A lot to process

I wrote this earlier today in a beat-up old notebook while waiting for my flight home. I’ll get back to recipes soon, but I wanted to push myself to share this first. I think it’ll be good for me.

I’m sitting in an airport terminal. It’s mid-afternoon, and hazy, with the sun just starting to send sharp bright beams through the windows. My flight doesn’t leave for another two hours, but I have nowhere better to be.

The news is still coming down from the boil of the Boston bombings. The two men behind the killings have been stopped–one dead, one badly hurt, possibly by his own hand. Four unrelated innocents lost their lives last week, and many more lost limbs. I have so many dear friends in Boston. They’re all unharmed–rattled and unhappy, but safe. I’ve spent many hours this week thinking of them, and of those who weren’t so fortunate. There’s a lot of emotion there, fizzing uncomfortably, and I don’t know what to do with it.

I sit, and I think of Boston, and my father. My father who went to the same college as me, who has similar connections to the state of Massachusetts. My father, who’s going in for another surgery tomorrow. The doctors had tried their best to avoid this, but there’s a tumor still inside him that won’t respond to radiation. Tomorrow he will be cut open, again, and very carefully maimed, as they cut through the healthy parts of him to get to the sick parts underneath. Once the tumor has been scooped away, they’ll stitch him meticulously back together and hope they haven’t damaged him too much. We’ve done this dance before, but not so intensely. He’s been quieter this week than usual, more contemplative, a little hollow, as he waits for his appointment. With any luck, he’ll be fine–just uncomfortable, with a long convalescence. That’s what I keep telling myself.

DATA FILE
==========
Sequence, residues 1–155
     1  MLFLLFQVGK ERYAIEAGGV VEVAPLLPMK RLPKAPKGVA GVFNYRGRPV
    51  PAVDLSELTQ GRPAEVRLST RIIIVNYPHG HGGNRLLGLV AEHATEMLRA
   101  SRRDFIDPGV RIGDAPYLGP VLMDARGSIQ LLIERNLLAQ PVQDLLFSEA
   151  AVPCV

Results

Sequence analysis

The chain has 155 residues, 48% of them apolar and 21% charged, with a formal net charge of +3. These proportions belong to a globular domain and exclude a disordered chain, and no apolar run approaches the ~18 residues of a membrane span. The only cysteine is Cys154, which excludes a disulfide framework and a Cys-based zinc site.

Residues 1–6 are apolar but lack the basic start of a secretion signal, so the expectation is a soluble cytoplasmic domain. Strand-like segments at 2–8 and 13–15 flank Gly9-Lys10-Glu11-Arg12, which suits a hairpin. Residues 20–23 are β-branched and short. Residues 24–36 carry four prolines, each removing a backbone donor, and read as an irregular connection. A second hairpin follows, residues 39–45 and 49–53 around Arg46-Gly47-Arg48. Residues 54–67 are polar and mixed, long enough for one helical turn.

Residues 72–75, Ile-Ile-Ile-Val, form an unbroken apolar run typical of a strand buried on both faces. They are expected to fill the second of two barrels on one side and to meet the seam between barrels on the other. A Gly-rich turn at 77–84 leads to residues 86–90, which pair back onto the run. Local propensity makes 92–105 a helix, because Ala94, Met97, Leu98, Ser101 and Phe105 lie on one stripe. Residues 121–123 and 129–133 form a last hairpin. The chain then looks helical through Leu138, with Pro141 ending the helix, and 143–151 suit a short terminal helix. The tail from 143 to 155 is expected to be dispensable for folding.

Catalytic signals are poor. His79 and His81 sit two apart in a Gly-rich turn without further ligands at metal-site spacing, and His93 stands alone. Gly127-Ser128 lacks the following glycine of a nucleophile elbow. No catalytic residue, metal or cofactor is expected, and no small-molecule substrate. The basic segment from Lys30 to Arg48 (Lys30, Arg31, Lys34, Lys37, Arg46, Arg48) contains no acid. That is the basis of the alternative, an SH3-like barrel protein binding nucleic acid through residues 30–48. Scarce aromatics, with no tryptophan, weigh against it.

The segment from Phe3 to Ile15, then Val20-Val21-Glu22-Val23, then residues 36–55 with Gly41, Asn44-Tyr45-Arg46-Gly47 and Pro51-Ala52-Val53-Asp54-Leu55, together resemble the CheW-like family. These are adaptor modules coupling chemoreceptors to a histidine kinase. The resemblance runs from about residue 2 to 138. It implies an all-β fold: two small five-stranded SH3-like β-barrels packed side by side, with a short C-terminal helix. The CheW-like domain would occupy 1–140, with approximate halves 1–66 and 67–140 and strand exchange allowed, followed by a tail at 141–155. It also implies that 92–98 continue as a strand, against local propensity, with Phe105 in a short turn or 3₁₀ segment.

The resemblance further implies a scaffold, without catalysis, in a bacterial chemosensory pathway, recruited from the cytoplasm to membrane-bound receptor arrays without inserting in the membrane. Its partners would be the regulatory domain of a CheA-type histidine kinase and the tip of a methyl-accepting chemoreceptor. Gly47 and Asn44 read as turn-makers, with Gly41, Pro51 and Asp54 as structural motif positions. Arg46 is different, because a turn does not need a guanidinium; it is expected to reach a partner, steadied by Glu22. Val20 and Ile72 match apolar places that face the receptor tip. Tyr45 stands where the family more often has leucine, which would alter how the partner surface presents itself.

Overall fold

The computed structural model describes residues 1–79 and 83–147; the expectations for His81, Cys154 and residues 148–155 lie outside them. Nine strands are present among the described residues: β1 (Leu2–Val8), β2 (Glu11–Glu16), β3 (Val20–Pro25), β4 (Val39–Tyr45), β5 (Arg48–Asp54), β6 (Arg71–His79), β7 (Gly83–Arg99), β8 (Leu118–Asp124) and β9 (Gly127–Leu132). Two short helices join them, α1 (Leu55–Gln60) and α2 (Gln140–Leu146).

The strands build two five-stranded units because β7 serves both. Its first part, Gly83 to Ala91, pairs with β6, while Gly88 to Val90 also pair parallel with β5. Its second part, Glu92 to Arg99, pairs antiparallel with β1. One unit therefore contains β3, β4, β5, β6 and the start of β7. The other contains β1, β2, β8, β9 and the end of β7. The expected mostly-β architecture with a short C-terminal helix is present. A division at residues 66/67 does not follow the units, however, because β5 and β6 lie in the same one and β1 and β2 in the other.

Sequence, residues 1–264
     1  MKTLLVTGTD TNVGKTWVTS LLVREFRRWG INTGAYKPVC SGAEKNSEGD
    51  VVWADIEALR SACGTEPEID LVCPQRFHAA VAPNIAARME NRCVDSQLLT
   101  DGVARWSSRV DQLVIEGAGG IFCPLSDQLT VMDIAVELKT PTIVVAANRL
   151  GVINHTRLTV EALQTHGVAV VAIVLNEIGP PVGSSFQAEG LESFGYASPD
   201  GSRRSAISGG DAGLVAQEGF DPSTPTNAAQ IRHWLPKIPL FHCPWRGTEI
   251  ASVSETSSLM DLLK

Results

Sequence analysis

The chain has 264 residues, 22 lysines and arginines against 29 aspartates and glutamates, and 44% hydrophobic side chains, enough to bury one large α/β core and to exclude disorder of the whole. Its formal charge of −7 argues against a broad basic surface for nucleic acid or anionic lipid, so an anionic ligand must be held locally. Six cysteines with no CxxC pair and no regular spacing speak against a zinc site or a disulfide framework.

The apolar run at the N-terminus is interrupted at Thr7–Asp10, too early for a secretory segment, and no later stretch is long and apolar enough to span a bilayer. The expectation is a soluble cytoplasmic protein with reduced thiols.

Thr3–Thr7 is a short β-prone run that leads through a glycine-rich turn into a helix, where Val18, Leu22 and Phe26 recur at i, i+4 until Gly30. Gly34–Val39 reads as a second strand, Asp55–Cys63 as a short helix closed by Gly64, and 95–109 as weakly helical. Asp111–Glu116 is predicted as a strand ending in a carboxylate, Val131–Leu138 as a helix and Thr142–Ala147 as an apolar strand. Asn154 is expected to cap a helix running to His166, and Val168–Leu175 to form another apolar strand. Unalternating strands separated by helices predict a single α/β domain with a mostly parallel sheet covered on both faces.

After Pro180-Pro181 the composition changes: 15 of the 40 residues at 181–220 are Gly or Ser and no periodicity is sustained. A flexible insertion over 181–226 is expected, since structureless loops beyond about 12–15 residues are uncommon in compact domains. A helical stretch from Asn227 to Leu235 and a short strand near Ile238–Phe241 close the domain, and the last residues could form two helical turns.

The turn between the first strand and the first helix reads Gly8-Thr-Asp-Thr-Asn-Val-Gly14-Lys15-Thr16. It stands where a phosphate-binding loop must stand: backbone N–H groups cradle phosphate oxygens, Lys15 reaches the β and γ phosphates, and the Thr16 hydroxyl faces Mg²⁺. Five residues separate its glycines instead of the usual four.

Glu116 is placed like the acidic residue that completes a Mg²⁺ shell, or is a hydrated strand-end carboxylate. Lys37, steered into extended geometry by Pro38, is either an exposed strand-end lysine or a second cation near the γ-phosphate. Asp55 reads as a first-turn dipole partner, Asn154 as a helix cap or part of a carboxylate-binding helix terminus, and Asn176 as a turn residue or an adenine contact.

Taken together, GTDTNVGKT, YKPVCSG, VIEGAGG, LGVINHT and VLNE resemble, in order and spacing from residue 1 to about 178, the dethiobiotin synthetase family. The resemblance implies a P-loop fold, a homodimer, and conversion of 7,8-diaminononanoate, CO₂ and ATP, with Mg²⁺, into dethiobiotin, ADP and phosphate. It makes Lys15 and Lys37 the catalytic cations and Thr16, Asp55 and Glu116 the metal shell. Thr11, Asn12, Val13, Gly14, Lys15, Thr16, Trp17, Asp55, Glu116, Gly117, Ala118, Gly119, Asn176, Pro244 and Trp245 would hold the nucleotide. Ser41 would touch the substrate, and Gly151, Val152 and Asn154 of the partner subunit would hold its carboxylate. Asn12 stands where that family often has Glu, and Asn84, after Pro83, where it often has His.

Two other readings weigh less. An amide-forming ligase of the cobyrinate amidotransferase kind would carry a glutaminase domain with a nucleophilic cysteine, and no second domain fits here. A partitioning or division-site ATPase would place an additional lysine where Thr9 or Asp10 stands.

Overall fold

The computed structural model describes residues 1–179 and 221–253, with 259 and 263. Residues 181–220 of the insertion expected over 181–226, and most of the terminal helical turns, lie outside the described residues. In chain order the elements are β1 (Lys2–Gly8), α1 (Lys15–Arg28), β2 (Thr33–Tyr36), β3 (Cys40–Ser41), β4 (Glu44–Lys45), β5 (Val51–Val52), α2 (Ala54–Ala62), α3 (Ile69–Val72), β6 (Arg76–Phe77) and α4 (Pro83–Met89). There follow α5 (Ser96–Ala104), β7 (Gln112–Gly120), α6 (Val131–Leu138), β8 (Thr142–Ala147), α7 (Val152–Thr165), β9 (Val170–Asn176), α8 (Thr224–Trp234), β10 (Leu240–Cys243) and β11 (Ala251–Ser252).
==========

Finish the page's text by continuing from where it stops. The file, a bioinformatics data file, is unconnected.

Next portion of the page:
I won’t see my father before his surgery, because I’ve spent the weekend visiting my grandmother. She’s increasingly frail, and speeding towards 90. As she gets weaker and more exhausted, she despairs more, moans more, makes sadder faces. Her hearing aids sing and whine in the other room all day, because she hates wearing them and can’t turn them off. She has family nearby, and hired help, but sometimes I think the only thing that animates her is watching the hummingbirds tease each other at the feeder in her backyard. I’ve stayed the weekend, and help her with the small chores she can’t do anymore, and now I’m going home and won’t see her for weeks.

I sit in the terminal. My phone battery is dying. I think of Boston, and my father, and grandmother. There’s a lot to process.

A little girl, maybe four years old, climbs up into the empty seat next to me. She’s giggling and panting with the exertion. Her face is streaked with dried tears, but she’s grinning wickedly, as if she’s abandoning a tantrum in favor of some new and particularly excellent mischief. She pulls herself up close to my shoulder.

“Hi,” I say.

Her father calls her name from the other end of the row of seats. She giggles and sticks out her tongue, as if contemplating her next move. Then she wraps her arms around my neck and hugs me.

“Thank you,” I say.

Her mother comes over and nudges her away, apologizing sheepishly. She’s smiling too, as she leads her little one by the hand back to their seats. I laugh and wave goodbye.

For a few minutes, at least, the fizzing in my stomach and chest has quieted. My flight will board soon, and I’ll go home, and tomorrow we’ll go about the business of getting things done. As usual.


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